Colubrina asiatica (L.) Brongn.

Last updated: 8 August 2016

Scientific Name

Colubrina asiatica (L.) Brongn.


Ceanothus asiaticus L., Ceanothus capsularis G.Forst., Colubrina capsularis G. Forst., Pomaderris capsularis (G. Forst.) G. Don, Rhamnus acuminata Colebr. ex Roxb., Rhamnus asiatica (L.) Lam. ex Poir., Rhamnus splendens Blume, Sageretia splendens (Blume) G. Don, Tubanthera katapa Raf., Trymalium capsulare G.Don [1]

Vernacular Name

Malaysia Peria pantai, peria laut [2][3]
English Asian nakedwood, Carolina buckthorn, Indian cherry, yellow buckthorn [2], letherleaf, Asiatic or common colubrina, Asian snakeroot [3]
China She teng [2]
India In moi, katapa, kompaikoli, maanikya, manikya, mayirmanikkam, vira [2]
Japan Yaeyama-hama-natsu-me [2]
Hawaii ‘Anapanapa, kauila ‘anapanapa, kauila kukuku, kolokolo, kukuku [2]
Papua New Guinea Orogogo [2]

Geographical Distributions

Colubrina asiatica can be found at Guangdong, Guangxi, Hainan, Taiwan, India, Indonesia, Malaysia, Myanmar, Philippines, Sri Lanka, Thailand, Africa, Australia, Pacific islands, West Indies. [4] It occurs coastal hardwood forest, dunes, roadsides and elevated ridges in mangrove forest. [5]

Botanical Description

C. asiatica is a member of the Rhamnaceae family. [1]

The leaves are blade ovate, broadly ovate, or cordate with submembranous or thinly papery, prominent on both surfaces, base rounded or subcordate, margin coarsely crenate, apex acuminate, emarginated, occurs alternately. Both surfaces are glabrous or subglabrous, venation pinnate, secondary veins 2 or 3 pairs. They measures 4-8 cm long and 2-5cm wide. The petiole is about 1 - 1.6 cm. [4]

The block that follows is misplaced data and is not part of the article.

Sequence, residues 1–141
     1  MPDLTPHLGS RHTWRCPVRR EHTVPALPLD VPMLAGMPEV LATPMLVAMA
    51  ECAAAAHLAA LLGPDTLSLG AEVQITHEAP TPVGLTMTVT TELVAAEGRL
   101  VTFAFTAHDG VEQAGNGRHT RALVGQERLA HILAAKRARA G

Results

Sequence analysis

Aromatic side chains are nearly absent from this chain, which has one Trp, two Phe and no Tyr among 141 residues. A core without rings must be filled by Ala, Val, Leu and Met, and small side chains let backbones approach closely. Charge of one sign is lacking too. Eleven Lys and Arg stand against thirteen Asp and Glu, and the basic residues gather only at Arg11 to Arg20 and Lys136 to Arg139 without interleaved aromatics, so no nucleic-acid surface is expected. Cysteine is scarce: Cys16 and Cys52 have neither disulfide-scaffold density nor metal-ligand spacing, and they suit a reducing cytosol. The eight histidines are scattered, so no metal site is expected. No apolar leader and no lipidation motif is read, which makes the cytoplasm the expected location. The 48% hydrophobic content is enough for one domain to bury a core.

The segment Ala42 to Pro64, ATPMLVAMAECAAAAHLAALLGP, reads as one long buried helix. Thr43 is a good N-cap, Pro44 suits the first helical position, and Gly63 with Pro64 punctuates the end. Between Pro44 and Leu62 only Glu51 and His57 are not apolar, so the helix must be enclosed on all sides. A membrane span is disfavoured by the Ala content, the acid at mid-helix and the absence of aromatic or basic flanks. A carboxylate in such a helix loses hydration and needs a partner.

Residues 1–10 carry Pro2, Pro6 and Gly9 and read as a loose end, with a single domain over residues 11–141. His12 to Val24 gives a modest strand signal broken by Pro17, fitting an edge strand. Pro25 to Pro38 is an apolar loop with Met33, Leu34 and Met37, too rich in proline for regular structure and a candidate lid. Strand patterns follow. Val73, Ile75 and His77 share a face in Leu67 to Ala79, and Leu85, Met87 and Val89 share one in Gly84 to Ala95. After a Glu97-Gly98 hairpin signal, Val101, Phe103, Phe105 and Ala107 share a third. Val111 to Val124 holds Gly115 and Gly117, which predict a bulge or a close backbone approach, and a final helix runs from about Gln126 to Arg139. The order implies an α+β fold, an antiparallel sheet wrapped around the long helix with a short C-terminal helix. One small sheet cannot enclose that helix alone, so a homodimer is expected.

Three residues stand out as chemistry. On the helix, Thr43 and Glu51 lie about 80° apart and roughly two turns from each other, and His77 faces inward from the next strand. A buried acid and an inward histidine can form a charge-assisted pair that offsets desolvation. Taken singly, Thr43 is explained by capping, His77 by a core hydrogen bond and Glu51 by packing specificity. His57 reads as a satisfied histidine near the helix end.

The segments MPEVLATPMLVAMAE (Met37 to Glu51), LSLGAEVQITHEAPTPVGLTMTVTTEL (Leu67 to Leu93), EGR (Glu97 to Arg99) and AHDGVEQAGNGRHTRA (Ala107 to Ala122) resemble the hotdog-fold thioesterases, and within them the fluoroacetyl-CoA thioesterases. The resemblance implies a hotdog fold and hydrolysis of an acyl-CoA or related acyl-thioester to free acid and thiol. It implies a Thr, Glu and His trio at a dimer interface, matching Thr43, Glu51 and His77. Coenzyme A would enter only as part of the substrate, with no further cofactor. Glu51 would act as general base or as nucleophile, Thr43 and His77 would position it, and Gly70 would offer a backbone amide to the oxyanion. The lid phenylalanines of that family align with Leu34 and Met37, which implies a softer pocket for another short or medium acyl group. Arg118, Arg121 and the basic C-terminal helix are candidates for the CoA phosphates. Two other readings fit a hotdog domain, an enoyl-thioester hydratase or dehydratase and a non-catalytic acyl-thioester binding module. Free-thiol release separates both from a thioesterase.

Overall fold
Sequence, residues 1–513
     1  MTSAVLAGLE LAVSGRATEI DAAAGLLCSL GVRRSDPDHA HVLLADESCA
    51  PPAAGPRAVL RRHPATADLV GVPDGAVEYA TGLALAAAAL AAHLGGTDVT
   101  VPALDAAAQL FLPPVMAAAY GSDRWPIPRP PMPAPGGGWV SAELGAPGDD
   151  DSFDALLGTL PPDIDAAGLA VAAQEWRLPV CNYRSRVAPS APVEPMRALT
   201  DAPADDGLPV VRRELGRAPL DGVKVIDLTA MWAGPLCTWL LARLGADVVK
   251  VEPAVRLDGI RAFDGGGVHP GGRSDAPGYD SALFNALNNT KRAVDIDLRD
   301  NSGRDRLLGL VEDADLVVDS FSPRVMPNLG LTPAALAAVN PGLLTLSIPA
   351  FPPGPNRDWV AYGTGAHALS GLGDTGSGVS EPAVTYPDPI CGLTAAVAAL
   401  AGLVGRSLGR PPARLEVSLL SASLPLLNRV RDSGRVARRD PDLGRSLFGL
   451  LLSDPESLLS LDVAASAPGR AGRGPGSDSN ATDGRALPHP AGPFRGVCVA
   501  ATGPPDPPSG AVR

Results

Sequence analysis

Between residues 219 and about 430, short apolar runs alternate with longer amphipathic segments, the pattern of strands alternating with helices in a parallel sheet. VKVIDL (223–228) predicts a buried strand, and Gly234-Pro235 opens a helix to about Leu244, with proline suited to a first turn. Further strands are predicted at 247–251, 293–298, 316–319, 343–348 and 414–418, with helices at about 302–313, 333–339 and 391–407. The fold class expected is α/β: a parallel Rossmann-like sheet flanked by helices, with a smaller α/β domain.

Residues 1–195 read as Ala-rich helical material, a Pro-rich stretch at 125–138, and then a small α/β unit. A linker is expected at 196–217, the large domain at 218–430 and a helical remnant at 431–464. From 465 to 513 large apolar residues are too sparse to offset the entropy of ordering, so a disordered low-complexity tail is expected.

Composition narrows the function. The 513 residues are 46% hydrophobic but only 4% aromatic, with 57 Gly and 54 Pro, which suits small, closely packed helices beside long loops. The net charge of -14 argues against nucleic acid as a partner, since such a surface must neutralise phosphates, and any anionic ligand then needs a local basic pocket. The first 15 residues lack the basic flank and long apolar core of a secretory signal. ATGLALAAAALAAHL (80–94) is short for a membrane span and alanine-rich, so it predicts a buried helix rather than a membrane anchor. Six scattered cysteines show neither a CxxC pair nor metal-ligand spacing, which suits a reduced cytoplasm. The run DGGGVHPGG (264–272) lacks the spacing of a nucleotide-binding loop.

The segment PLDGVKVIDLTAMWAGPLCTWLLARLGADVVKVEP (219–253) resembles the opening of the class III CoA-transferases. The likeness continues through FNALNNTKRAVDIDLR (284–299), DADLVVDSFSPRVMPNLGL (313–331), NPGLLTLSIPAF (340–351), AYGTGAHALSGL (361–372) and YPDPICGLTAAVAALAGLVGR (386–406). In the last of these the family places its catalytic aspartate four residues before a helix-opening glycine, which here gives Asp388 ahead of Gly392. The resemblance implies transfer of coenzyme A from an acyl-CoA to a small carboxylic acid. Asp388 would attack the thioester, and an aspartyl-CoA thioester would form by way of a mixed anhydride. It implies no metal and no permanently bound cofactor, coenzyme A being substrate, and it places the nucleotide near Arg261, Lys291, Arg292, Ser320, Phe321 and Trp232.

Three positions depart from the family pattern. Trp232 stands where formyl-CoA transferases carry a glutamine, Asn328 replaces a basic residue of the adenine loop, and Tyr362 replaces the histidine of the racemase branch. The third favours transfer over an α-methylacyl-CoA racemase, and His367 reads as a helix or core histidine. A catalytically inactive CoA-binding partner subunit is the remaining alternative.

The flowers are yellow with 5 merous. The pedical is about 2 – 3 cm. It has 5 sepals, triangular, adaxially distinctly keeled. The petals are obovate or cucullate. [4]


No documentation

Chemical Constituent

C. asiatica leaves has been reported to contained 3'-O-acetylcolubrin; 3' ',2' "-O-diacetylcolubrin;  3' '-O-acetyl-6' '-O-trans-crotonylcolubrin; colubrine; colubrinoside;  kaempferol 3-O-rutinoside and rutin. [6][7]

Plant Part Used

Leaves [8]

Traditional Use

In Car Nicobar Island, Nicobarase people used the boiled mixture of mashed leaves of C. asiatica and Morinda citrifolia in the coconut oil with pig fat attached to the fractured part by the bandage. [8]

Women in Car Nicobar Island also use the mixture of the equal quantities of the leaf extract of C. asiatica and Ochrosia oppositifolia K. Schum to treat gynaecological disorders. [8]

The leaves of Colubrina asiatica is used in the treatment of headache and bodyaches, fever and pain reliever. [9]

Preclinical Data


Sedative activity

The saponins colubrine and colubrinoside were found to decrease spontaneous motility in mice and prolonged barbiturate narcosis while at the same time showed antagonistic effects on amphetamine and exerted a synergistic activity on chlordiazepoxide. These findings indicate that these two saponins have sedative actions. [6]

Antibacterial activity